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Assessment of fracture risk : value of random population-based samples - the Geelong Osteoporosis Study

Henry, Margaret J., Pasco, Julie A., Seeman, Ego, Nicholson, Geoffrey C., Sanders, Kerrie M. and Kotowicz, Mark A. 2001, Assessment of fracture risk : value of random population-based samples - the Geelong Osteoporosis Study, Journal of clinical densitometry, vol. 4, no. 4, Winter, pp. 283-289, doi: 10.1385/JCD:4:4:283.

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Title Assessment of fracture risk : value of random population-based samples - the Geelong Osteoporosis Study
Author(s) Henry, Margaret J.
Pasco, Julie A.ORCID iD for Pasco, Julie A.
Seeman, Ego
Nicholson, Geoffrey C.
Sanders, Kerrie M.
Kotowicz, Mark A.ORCID iD for Kotowicz, Mark A.
Journal name Journal of clinical densitometry
Volume number 4
Issue number 4
Season Winter
Start page 283
End page 289
Total pages 8
Publisher Elsevier B.V.
Place of publication Amsterdam, The Netherlands
Publication date 2001
ISSN 1094-6950
Keyword(s) bone mineral density
population based
reference range
Summary Fracture risk is determined by bone mineral density (BMD). The T-score, a measure of fracture risk, is the position of an individual's BMD in relation to a reference range. The aim of this study was to determine the magnitude of change in the T-score when different sampling techniques were used to produce the reference range. Reference ranges were derived from three samples, drawn from the same region: (1) an age-stratified population-based random sample, (2) unselected volunteers, and (3) a selected healthy subset of the population-based sample with no diseases or drugs known to affect bone. T-scores were calculated using the three reference ranges for a cohort of women who had sustained a fracture and as a group had a low mean BMD (ages 35-72 yr; n = 484). For most comparisons, the T-scores for the fracture cohort were more negative using the population reference range. The difference in T-scores reached 1.0 SD. The proportion of the fracture cohort classified as having osteoporosis at the spine was 26, 14, and 23% when the population, volunteer, and healthy reference ranges were applied, respectively. The use of inappropriate reference ranges results in substantial changes to T-scores and may lead to inappropriate management.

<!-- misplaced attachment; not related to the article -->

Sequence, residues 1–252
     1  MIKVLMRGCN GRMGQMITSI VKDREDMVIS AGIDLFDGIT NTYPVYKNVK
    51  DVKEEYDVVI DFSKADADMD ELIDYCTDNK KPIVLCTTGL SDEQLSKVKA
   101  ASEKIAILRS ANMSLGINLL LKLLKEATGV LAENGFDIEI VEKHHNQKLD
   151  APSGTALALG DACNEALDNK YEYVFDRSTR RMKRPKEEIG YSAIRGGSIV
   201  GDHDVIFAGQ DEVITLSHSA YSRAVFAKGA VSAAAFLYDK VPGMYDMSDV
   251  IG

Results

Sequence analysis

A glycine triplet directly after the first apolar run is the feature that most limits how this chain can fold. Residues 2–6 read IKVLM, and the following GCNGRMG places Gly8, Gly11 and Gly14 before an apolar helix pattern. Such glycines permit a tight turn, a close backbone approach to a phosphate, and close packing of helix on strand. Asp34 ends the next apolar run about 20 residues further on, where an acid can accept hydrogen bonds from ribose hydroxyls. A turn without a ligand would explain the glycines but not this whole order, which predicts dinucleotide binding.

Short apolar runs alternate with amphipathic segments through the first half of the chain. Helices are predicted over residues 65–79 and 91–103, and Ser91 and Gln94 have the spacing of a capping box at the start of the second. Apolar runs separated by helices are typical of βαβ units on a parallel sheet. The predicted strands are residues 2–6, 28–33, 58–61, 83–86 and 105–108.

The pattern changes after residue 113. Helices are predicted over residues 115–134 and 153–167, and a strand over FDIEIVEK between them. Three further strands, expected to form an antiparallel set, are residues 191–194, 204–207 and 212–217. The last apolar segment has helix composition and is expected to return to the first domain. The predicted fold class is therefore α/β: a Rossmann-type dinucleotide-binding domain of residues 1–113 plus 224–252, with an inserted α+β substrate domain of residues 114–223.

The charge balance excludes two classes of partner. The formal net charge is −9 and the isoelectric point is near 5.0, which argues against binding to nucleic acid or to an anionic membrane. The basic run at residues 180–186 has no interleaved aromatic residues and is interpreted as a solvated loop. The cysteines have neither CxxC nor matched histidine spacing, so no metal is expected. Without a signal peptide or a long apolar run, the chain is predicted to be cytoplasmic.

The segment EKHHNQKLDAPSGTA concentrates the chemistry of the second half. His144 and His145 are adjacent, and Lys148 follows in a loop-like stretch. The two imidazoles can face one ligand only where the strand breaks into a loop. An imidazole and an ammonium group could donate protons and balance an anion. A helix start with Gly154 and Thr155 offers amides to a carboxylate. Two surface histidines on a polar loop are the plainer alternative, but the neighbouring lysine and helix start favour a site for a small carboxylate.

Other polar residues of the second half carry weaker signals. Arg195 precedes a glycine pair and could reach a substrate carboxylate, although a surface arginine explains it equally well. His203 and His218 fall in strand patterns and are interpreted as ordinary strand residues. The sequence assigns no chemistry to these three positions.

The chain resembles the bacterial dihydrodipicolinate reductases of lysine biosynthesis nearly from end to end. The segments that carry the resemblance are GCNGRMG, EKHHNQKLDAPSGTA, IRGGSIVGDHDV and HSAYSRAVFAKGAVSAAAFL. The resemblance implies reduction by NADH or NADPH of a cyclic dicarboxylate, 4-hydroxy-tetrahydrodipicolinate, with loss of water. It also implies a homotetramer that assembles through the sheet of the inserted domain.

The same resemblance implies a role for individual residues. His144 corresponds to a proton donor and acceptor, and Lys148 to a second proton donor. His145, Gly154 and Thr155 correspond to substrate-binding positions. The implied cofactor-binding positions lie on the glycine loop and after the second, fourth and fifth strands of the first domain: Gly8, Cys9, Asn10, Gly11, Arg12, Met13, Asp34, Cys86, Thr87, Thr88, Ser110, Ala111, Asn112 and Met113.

Language eng
DOI 10.1385/JCD:4:4:283
Field of Research 119999 Medical and Health Sciences not elsewhere classified
Socio Economic Objective 970111 Expanding Knowledge in the Medical and Health Sciences
HERDC Research category C1.1 Refereed article in a scholarly journal
Copyright notice ©2001, Elsevier B.V.
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Document type: Journal Article
Collection: School of Medicine
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